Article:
Review: Iogear MiniView KVM switch can save you space and money

This 4-port switch helps you share peripherals, audio and high-end displays among multiple computers

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In theory, anyway, there shouldn't be anything really complicated about choosing which PC you want to use when multiple systems are attached to a KVM. On older KVMs, it was a matter of pressing one of four buttons on the face of the box. Simple? Yes. The downside, however, was that the box had to be within reach so those buttons could be pressed. Now, however, Iogear has endowed the MiniView with a few different control options.

For example, the MiniView uses your keyboard's Scroll Lock key as its trigger. Press the Scroll Lock twice and then press the Enter key, and you're switched to the next computer attached to the MiniView (or back to the first if you're at the fourth). But things can get a bit complex when you consider the totality of what the MiniView controls.

Press the Scroll Lock key twice, press, "K" and then press Enter and you only switch the keyboard, mouse and monitor. Substitute "U" for "K" and you only switch access to the USB section. Finally, substitute an "S" in that key sequence and you switch the audio.

(Why switch the audio? Suppose you're playing music on one computer and you switch to another computer -- but you still want to listen to what you were playing originally. Just use the appropriate key sequence to switch the audio source back to that first computer. Voila!)

If you're in a hurry, you can press the Scroll Lock key twice, the number associated with the port that particular PC is attached to (1-4), and then press Enter. That will get you there immediately. If you don't have the correct hot keys available (I'm speaking to you, Mac owners!), you can reassign the key selections. You just invoke Hot Key Mode and then run through a maze of possible key pairings you can use.

You can still do everything manually -- with the silver "buttons" on the front of the MiniView's box -- but even here things get more complex. Press one of the four buttons, and the KVM function will advance, but USB and audio will not follow suit. Press the corresponding button twice and the audio will switch to the selected PC. Press a corresponding button for two seconds and everything will advance to the selected computer. Finally, press and hold Buttons 1 and 2 for at least two seconds, and the MiniView will start to autoscan (it stays on each PC found for five seconds). And you thought the combination lock on your high school gym locker was tough!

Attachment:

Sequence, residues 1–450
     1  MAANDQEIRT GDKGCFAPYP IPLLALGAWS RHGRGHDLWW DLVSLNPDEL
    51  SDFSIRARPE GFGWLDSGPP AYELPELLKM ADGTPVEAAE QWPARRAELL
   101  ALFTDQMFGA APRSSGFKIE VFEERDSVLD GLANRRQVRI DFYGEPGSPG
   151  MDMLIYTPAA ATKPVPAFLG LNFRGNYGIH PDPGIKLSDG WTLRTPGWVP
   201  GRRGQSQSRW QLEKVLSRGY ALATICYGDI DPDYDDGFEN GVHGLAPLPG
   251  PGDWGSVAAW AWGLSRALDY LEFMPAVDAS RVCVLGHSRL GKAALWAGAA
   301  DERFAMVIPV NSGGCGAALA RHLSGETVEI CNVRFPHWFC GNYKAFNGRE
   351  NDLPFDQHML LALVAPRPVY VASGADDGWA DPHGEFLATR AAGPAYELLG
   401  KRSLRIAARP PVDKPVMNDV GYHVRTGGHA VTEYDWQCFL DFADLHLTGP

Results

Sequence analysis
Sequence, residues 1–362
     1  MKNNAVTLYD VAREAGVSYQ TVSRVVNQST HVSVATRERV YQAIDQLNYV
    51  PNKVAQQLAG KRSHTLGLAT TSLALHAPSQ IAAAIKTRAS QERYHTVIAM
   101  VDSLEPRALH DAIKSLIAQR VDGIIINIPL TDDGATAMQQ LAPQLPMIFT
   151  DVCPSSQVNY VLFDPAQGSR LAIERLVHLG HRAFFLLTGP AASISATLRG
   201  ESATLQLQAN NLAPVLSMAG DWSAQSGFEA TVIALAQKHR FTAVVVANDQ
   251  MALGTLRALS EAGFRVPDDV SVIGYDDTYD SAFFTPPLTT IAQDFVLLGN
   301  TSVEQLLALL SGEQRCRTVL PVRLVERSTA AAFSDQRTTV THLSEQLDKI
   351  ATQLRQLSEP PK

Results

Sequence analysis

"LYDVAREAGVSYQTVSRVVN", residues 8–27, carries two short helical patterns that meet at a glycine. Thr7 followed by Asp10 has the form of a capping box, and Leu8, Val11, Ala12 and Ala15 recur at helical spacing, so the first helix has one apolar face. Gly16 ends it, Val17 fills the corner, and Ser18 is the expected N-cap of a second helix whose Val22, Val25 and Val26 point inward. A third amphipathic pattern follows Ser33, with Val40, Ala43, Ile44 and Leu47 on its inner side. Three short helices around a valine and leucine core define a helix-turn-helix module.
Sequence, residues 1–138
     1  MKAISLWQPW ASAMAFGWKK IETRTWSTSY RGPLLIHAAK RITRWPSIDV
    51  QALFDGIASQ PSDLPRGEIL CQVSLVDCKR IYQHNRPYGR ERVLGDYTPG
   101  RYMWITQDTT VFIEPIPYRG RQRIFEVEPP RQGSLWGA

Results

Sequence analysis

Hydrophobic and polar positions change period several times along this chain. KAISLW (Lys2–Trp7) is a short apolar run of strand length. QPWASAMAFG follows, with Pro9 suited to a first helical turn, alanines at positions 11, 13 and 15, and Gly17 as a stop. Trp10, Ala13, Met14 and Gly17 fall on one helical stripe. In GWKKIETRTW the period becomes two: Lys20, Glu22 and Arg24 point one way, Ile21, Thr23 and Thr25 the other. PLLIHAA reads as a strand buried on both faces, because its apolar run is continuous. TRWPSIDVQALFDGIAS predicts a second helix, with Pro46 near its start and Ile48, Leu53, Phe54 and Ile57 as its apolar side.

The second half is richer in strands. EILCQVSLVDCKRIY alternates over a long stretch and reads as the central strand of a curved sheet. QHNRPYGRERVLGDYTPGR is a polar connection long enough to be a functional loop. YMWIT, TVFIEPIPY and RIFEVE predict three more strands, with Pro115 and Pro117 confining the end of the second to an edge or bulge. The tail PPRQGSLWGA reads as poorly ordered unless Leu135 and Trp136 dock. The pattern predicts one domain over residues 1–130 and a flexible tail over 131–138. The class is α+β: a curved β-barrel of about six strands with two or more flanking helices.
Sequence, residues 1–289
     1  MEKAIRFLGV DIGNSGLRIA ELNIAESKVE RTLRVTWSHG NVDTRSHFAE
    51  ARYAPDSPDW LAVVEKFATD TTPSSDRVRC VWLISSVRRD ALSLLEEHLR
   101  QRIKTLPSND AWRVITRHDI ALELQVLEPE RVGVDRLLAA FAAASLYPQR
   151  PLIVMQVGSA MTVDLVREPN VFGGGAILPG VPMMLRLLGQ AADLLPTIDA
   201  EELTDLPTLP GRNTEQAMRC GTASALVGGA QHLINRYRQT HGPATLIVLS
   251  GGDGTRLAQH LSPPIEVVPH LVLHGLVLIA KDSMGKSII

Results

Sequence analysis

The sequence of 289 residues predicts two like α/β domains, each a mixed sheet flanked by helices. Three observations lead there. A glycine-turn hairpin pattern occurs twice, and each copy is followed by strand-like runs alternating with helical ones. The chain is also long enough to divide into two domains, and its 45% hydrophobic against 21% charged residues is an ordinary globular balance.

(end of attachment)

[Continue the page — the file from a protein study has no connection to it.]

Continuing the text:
If you don't think you can learn all these combinations immediately, I would suggest that you download the manual from Iogear's Web site. It's a PDF document, and you can't blow it up large enough on-screen to actually be able to read its contents.


If you're setting up a multicomputer installation, a KVMP is the ultimate way to save money by sharing a single set of peripherals that you'd normally hang on each PC. The MiniView's 7.1 audio and DVI-D video connectivity, plus its low pricing compared with the cost of the peripherals it can replace, makes it an ideal contender for the task.

Bill O'Brien is a freelance writer who has written a half-dozen books and more than 2,000 articles on computers and technology, including Apple computers, PCs, Linux and commentary on IT hardware decisions.

Copyright © 2009 IDG Communications, Inc.

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